How to Get Meetings with Donors.How do you get meetings with donors? We’ve written previously about some basics like being persistent, paying attention to the communication preferences of the donor, knowing what to say, and trying to reach the donor via someone else they know. This is all good and necessary stuff.
Today, we’re going to approach this meeting dilemma a different way – one where we look at it from the donor’s point of view and how she makes decisions. We think if we look at it this way, it will shed strategic and tactical light on what you should do as a MGO to get a meeting with a donor.
How does all of this look and feel to the donor? What is her decision-making process? How can you influence that in a way that has integrity and care for the donor? Here’s the key: a donor makes a decision to accept a meeting with you or to give or get further involved with you in very much the same you make a decision to buy a product.
This decision-making process is often referred to as the Tarnside Curve or the Commitment Curve. It has been used in sales training and the sales process for quite a long time. It has also formed the basis for advertising strategy.
This decision-making curve or process lays out a logical progression of steps that must occur in order to take a person from awareness to commitment over time. It can happen quickly (like in minutes) or it can happen over months and even years – but it always happens in order, one step at a time. You can’t skip over a step – each step or phase must be sequential.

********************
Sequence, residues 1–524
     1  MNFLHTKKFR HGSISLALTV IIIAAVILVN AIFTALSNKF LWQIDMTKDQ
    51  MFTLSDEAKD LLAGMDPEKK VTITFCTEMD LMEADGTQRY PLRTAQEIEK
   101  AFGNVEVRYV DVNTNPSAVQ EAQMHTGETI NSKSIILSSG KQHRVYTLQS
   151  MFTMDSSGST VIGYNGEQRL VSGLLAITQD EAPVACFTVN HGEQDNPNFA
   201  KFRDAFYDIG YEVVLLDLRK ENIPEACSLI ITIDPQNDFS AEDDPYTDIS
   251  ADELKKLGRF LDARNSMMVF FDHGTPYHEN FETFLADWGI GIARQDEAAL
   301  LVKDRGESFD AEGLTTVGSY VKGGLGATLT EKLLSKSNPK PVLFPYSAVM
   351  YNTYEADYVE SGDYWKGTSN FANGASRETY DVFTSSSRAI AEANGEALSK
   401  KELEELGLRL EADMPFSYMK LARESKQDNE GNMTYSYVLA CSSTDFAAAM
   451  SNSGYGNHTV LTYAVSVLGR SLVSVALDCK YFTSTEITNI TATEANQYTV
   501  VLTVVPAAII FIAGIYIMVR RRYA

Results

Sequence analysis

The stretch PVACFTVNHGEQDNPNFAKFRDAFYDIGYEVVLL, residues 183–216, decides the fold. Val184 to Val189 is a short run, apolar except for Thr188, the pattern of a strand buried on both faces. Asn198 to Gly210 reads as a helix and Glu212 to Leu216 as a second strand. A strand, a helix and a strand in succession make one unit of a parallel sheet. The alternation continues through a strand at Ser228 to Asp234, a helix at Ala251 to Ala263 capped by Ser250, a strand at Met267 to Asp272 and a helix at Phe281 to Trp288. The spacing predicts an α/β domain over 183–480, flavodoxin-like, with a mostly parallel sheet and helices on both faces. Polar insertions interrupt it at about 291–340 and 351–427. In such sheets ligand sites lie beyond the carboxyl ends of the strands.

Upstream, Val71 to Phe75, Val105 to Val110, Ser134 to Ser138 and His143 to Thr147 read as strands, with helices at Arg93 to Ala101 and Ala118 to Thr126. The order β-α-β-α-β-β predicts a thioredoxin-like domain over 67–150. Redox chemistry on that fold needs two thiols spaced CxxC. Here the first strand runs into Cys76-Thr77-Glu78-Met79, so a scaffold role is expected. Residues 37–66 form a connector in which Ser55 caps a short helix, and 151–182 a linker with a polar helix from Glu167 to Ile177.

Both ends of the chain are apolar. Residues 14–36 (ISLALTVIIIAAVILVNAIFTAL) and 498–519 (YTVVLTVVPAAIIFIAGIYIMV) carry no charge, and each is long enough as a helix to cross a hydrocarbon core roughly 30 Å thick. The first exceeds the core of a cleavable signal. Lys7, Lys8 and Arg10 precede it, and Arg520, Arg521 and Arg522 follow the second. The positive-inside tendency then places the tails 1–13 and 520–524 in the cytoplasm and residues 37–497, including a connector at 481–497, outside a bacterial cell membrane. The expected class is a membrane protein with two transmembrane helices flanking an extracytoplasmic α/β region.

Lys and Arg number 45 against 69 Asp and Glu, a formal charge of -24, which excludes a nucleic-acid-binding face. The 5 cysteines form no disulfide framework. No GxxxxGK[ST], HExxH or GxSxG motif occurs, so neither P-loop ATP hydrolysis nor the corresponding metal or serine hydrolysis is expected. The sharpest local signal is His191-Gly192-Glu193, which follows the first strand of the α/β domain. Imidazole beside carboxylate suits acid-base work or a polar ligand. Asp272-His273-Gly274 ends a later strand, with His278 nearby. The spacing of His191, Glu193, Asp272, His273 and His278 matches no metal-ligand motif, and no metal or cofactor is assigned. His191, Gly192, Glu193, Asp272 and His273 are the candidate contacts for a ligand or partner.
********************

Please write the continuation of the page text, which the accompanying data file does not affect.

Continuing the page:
We’ve taken the core concepts of the commitment curve and adapted them into five relationship steps to get meetings, which we think will help you understand what your donor needs to go through before she will accept having a meeting with you. Here they are:
Steps in getting a commitment
You must take a qualified donor through each of these steps in order to gain a commitment. We will explore each of these steps with practical advice on how to execute each step in your relationship with each qualified donor on your caseload.
It is not easy to get a meeting with a donor. But often the reason the donor will not engage with you is because she is either not aware of the connection between what you want to talk about and her needs, or she has no interest or desire to interact with what you are proposing. It is never about being too busy.
This subject is too long to address thoroughly in one blog post, so we’ve turned this into a free White Paper. We hope you’ll download it (by clicking here) and read through this over the coming days.
PS — Check out all our White Papers in our free Download Library.